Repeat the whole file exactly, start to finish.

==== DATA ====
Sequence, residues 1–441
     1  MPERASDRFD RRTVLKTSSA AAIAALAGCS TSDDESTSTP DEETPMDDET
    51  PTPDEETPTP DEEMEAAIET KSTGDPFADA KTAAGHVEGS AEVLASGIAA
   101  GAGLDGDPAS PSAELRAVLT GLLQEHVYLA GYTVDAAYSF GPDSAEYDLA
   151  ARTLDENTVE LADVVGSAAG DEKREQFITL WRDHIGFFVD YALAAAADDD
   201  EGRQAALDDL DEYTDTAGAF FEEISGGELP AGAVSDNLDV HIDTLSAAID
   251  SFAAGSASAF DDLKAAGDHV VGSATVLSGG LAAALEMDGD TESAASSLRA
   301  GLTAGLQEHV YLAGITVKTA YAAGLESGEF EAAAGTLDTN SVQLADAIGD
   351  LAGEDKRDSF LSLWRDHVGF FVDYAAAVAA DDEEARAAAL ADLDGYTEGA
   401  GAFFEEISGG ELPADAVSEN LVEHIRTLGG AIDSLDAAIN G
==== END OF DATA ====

Sequence, residues 1–441
     1  MPERASDRFD RRTVLKTSSA AAIAALAGCS TSDDESTSTP DEETPMDDET
    51  PTPDEETPTP DEEMEAAIET KSTGDPFADA KTAAGHVEGS AEVLASGIAA
   101  GAGLDGDPAS PSAELRAVLT GLLQEHVYLA GYTVDAAYSF GPDSAEYDLA
   151  ARTLDENTVE LADVVGSAAG DEKREQFITL WRDHIGFFVD YALAAAADDD
   201  EGRQAALDDL DEYTDTAGAF FEEISGGELP AGAVSDNLDV HIDTLSAAID
   251  SFAAGSASAF DDLKAAGDHV VGSATVLSGG LAAALEMDGD TESAASSLRA
   301  GLTAGLQEHV YLAGITVKTA YAAGLESGEF EAAAGTLDTN SVQLADAIGD
   351  LAGEDKRDSF LSLWRDHVGF FVDYAAAVAA DDEEARAAAL ADLDGYTEGA
   401  GAFFEEISGG ELPADAVSEN LVEHIRTLGG AIDSLDAAIN G